Grosse added the management team evicted up to 70 people after taking over the property.
“These were people who needed to be evicted,” he said. “Obviously, the people we evicted were troublemakers. We had a lot of break-ins.”
He also credits newly installed security cameras and periodic police patrols with helping keep things in the apartment complex quiet. He said future plans include a gate at the complex entrance off U.S. 61 North.
“The manager has done a great job. He’s gotten rid of the dope, the abandoned cars; he’s awesome,” said one resident who asked not to be identified. “They’re fixing up the buildings. It’s a lot safer. At one time, you’d get robbed if you walked outside. It’s better. I hope they give him enough capital to really fix this place up.”
“We’ve put several hundred thousand (dollars) into this so far, and we still have a long way to go,” Grosse said. “The reason being, this property has been neglected for so long.”
The complex’s three condemned buildings were placed on the city’s list for violations that included electric system problems, leaky roofs and a lack of heat that made them uninhabitable. The two buildings with electrical problems have been repaired to the city code and the condemnation orders were pulled. The roof problems on the third building have been fixed.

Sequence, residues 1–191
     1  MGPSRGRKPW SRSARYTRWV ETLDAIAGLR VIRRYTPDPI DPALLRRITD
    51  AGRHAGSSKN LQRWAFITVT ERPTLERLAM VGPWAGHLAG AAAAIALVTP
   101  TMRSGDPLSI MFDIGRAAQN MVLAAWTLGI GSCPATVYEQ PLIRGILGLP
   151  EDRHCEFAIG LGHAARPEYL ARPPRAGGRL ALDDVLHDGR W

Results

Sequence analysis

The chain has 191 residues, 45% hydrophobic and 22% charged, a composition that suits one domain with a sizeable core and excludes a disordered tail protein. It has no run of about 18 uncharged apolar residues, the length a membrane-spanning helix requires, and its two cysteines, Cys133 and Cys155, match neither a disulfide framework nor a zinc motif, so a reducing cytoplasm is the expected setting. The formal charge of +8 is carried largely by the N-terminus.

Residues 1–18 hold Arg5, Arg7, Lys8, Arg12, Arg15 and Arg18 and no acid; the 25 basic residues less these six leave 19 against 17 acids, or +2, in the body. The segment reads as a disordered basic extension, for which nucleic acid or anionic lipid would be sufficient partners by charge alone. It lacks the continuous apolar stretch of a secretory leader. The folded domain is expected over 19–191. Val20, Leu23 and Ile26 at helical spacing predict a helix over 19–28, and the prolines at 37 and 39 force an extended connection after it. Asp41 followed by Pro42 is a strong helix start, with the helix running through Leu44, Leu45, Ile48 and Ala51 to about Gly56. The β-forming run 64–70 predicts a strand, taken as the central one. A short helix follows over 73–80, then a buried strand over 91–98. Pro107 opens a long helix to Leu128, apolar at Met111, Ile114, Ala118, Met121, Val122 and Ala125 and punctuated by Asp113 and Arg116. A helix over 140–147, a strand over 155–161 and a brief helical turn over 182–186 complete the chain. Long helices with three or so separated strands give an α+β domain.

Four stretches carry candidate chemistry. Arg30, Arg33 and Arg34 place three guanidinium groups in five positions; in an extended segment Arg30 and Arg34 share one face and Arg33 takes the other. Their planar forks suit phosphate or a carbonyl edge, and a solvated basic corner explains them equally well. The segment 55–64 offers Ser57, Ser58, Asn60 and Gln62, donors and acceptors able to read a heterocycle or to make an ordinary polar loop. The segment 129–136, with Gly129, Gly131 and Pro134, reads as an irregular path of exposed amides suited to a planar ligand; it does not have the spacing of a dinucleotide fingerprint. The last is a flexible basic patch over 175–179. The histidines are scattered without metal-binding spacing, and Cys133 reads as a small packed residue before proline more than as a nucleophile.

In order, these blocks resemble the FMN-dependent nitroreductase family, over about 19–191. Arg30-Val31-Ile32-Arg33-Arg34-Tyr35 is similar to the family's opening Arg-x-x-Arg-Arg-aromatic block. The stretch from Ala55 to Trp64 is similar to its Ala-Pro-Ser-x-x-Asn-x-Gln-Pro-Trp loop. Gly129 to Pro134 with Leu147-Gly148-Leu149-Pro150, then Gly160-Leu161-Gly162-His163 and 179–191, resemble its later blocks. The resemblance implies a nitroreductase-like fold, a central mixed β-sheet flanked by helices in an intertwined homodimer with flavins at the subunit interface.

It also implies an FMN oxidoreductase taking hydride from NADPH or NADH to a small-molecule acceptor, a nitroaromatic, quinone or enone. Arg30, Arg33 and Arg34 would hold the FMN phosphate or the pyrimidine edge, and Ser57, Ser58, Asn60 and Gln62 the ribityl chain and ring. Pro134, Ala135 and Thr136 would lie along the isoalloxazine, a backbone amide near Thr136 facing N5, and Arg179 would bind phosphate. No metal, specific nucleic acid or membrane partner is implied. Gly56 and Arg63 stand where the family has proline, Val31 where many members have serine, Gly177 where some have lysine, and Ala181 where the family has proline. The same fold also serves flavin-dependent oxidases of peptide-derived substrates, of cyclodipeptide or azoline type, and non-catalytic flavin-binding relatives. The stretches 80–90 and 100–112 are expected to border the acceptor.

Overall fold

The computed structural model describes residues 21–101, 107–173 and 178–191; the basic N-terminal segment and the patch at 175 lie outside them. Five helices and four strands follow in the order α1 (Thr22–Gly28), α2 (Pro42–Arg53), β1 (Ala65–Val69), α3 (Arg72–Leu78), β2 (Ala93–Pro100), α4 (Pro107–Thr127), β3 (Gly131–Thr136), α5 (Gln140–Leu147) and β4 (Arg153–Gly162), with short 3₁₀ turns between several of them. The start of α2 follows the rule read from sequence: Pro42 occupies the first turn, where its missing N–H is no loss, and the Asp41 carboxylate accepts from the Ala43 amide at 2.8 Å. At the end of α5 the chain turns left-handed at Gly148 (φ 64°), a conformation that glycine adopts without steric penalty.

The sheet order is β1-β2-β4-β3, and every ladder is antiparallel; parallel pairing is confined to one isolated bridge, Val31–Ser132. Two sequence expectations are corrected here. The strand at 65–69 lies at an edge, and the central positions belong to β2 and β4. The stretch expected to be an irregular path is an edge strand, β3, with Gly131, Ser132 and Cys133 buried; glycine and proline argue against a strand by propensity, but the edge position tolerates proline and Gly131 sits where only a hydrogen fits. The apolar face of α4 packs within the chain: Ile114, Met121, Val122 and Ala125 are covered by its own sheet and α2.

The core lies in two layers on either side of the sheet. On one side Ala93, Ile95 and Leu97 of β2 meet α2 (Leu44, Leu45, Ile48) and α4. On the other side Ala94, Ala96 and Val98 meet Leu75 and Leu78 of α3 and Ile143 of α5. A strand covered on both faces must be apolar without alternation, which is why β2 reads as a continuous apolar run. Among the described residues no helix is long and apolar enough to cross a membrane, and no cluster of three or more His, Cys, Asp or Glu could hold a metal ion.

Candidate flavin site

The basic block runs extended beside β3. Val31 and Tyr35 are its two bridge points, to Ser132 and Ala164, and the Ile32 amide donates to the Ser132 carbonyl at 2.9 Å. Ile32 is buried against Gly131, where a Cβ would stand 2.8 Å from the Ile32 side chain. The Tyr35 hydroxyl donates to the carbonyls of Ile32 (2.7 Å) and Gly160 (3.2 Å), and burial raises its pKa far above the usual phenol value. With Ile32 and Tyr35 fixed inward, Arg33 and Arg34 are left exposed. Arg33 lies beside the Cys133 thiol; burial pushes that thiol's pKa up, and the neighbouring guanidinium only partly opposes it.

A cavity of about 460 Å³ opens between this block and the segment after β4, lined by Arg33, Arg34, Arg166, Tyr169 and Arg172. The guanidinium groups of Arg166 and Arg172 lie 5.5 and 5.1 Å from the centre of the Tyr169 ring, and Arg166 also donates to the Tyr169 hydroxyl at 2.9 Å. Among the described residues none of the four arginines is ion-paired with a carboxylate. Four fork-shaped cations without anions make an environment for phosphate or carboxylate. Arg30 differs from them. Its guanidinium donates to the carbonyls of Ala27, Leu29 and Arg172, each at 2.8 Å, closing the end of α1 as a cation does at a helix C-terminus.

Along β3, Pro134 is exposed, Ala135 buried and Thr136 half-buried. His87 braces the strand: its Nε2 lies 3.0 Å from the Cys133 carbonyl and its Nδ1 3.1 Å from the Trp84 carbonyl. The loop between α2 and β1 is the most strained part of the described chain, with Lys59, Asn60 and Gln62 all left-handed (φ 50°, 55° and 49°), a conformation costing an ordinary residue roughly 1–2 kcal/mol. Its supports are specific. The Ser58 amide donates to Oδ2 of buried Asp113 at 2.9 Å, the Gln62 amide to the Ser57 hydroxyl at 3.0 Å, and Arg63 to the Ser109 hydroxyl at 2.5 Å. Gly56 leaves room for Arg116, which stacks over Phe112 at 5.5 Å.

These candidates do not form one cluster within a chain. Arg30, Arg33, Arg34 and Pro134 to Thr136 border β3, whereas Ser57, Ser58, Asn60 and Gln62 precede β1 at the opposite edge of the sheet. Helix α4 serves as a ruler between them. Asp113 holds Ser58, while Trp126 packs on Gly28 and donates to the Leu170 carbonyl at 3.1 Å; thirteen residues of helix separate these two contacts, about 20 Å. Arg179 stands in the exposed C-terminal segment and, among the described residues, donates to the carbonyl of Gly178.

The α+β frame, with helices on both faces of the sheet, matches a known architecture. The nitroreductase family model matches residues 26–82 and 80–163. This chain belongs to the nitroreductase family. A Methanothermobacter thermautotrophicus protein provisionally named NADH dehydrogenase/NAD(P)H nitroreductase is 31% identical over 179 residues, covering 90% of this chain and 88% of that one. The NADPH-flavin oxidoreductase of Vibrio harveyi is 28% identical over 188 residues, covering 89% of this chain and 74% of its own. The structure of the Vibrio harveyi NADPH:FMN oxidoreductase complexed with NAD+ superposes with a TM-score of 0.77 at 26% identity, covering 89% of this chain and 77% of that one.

Grosse said the repairs to the three buildings are not the only changes at Whispering Woods.
“We’re trying to fix up swimming pools, country club and fitness center, laundry centers,” he said. “We’re going to renovate everything from A to Z. It didn’t get this way overnight, and it won’t all get fixed overnight, but we’re doing a lot of work, we’ve got good maintenance people and we’re going to keep on.
“Structurally, the property’s in excellent condition,” he said. “It was built very well. This was built originally as a resort/country club-type property and ran that way for quite a few years. We hope to make it that way again.”
“They’re trying,” said resident Sharon Banks. “I see people working. I want to give them time and see what happens before I make a decision.”
Another resident who declined to give her name, had different opinion, saying she was planning to move at the end of the month.
“It’s just not worth it,” she said. “They’ve raised the rent, and they say it will take a year to make improvements. I’m not waiting.”
Another resident said the management “have 101 new rules for you and your children. They’re not doing what they said they would do. They’re not fixing things.”
Resident Jonathon Abogado, who was living at the complex before the new owners took over, said things have improved.
“This place was in bad shape when the (new) company came, but so far all my concerns have been met,” he said. “I like to walk outside, but before, I was afraid to do it. I was concerned about the people hanging outside the apartments. Now I can walk outside, and I see a lot of improvements. Before, I saw a lot of garbage, but now it’s clean and nicer to live here.”